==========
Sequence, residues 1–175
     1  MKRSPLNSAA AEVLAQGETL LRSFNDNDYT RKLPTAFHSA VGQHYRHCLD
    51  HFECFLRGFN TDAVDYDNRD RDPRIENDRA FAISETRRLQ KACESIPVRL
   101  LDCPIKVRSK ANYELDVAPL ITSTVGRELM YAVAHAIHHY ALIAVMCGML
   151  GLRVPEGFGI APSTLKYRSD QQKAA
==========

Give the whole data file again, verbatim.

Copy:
Sequence, residues 1–175
     1  MKRSPLNSAA AEVLAQGETL LRSFNDNDYT RKLPTAFHSA VGQHYRHCLD
    51  HFECFLRGFN TDAVDYDNRD RDPRIENDRA FAISETRRLQ KACESIPVRL
   101  LDCPIKVRSK ANYELDVAPL ITSTVGRELM YAVAHAIHHY ALIAVMCGML
   151  GLRVPEGFGI APSTLKYRSD QQKAA